The Pentagon on Wednesday published revised procedures governing the collection, retention and dissemination of intelligence concerning American citizens.
Outlined within the pages of DoD Manual 5240.01, “Procedures Governing the Conduct of DoD Intelligence Activities,” the changes pertain to how the U.S. military and assorted government agencies sweep up and store information concerning U.S. persons, including individuals whose details are incidentally collected during the course of investigating foreign targets.
The manual updates provisions first laid out in an Executive Order signed by President Reagan in 1982, in turn incorporating new language and instructions for intelligence gathering to apply in a digitally-connected world that would have been impossible to imagine 30 years earlier.
“The procedures were carefully and methodically developed in 1982 and they’ve served us well for the many years since then,” Michael Mahar, the Pentagon’s senior intelligence oversight official, told DoD News. “But we’ve reached the point now that, due to changes in technology, law and intelligence-collection practices, we were compelled to do a significant overhaul.”
“We went line by line, procedure by procedure,” Mr. Mahar added, all while Pentagon officials went over proposed changes with top-ranking members of the intelligence community, including National Geospatial-Intelligence Agency, the National Reconnaissance Office and National Security Agency employees, among others.
The end result, Mr. Mahar said, is a 56-page manual that officially went into effect on Monday this week after being approved by both Attorney General Loretta Lynch and Defense Secretary Ashton Carter.
Among the changes that appear in a copy of the manual released publicly by the Pentagon this week are updates affecting how long the government can store information concerning U.S. persons, as well as a new provision encouraging investigators to use the least intrusive and collection techniques feasible within the U.S., beginning with examining publicly available sources before resorting to informants, wire taps, judicial warrants and other legal mechanisms.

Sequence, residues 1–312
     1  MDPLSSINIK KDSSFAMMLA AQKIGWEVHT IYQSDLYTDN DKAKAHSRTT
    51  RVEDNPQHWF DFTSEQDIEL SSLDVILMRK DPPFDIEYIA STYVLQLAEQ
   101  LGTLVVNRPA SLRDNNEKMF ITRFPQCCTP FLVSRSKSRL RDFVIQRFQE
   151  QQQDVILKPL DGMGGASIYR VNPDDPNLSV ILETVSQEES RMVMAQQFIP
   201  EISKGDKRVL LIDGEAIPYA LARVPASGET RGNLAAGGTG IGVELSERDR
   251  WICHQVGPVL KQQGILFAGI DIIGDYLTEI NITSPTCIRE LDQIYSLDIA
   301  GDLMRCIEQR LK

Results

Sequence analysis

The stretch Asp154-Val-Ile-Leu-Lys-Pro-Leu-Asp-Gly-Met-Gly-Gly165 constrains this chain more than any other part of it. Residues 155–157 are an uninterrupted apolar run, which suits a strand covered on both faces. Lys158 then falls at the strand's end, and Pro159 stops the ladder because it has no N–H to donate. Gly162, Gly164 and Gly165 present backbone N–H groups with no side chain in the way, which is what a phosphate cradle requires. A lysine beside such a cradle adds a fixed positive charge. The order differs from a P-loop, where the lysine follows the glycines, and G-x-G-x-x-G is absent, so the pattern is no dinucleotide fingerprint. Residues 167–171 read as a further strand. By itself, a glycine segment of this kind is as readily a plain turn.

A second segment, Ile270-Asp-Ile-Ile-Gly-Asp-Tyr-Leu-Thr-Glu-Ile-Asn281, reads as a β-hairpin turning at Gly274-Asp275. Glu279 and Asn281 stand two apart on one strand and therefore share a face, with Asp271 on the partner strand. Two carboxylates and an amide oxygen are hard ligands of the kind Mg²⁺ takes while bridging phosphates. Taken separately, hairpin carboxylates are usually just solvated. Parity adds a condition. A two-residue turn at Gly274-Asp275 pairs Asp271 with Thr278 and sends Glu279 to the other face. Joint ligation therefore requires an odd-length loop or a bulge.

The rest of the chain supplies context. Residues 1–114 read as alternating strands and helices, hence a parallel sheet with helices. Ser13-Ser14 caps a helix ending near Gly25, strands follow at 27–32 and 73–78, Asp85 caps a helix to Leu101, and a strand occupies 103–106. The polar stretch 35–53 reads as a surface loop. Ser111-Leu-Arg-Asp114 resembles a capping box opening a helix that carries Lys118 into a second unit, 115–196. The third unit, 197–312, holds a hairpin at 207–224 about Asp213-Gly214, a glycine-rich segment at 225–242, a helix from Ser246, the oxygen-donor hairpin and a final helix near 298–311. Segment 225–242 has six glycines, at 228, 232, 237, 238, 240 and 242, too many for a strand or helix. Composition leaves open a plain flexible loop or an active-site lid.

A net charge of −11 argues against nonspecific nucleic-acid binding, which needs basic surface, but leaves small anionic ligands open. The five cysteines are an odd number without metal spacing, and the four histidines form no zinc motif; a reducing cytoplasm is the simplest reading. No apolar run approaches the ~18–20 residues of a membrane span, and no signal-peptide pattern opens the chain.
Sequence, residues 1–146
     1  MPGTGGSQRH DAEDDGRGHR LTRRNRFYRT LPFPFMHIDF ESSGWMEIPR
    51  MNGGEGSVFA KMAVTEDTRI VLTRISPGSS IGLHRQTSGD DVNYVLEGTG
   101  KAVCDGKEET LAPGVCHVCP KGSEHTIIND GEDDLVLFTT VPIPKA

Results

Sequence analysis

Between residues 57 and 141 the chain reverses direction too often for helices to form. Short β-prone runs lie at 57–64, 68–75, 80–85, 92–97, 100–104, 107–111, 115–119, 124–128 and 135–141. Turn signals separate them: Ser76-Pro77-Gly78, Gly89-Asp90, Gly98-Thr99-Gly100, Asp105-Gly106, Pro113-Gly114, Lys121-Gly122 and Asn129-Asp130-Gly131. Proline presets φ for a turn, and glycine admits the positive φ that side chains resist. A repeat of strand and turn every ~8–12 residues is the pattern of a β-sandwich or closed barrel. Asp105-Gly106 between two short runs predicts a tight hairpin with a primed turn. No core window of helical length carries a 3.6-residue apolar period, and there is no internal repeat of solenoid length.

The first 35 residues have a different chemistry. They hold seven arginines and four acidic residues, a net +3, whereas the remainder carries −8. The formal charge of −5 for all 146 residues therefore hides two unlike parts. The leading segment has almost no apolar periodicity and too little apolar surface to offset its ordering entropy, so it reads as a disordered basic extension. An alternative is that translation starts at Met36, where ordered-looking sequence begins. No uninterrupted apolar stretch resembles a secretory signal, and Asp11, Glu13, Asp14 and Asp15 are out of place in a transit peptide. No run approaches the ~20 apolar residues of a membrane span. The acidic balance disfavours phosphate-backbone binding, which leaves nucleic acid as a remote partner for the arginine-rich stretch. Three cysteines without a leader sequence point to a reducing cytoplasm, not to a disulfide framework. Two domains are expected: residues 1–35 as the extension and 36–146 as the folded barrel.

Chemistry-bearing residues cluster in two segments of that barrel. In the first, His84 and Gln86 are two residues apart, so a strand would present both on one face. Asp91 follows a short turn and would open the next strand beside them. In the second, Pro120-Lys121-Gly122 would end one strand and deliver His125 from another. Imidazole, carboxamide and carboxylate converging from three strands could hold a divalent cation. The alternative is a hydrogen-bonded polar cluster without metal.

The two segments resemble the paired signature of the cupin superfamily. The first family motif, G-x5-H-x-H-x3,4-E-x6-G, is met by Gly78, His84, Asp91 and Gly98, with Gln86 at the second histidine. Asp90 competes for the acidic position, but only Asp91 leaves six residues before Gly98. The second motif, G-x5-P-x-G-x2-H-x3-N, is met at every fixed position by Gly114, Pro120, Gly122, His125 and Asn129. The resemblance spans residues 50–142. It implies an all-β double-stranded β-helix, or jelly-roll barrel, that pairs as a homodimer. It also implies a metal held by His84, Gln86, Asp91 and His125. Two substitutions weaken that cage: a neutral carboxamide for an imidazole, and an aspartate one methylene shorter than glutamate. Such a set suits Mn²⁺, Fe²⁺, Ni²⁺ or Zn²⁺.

With respect to data retention, the manual says the government can only hold on to information concerning U.S. persons who have been either intentionally or incidentally surveilled by the intelligence community for a period of five years if the person is reasonably believed to reside within the country. Another change assures that time-frame begins the moment data is collected and not simply “officially accept[ed]…for use” as previously stated, forcing the government to go against the clock upon receipt in order to review information before it must be purged from its systems.
The NSA has previously called Executive Order 12333 a “foundational authority by which NSA collects, retains, analyzes and disseminates foreign signals’ intelligence information,” the likes of which primarily targets “communications by foreign persons that occur wholly outside the United States.” In 2014, however, a State Department official-turned-whistleblower, John Tye, said that innocent Americans are immensely affected by how the executive order is applied.
“My complaint is not that they’re using it to target Americans, my complaint is that the volume of incidental collection on US persons is unconstitutional,” Mr. Tye told Ars Technica at the time.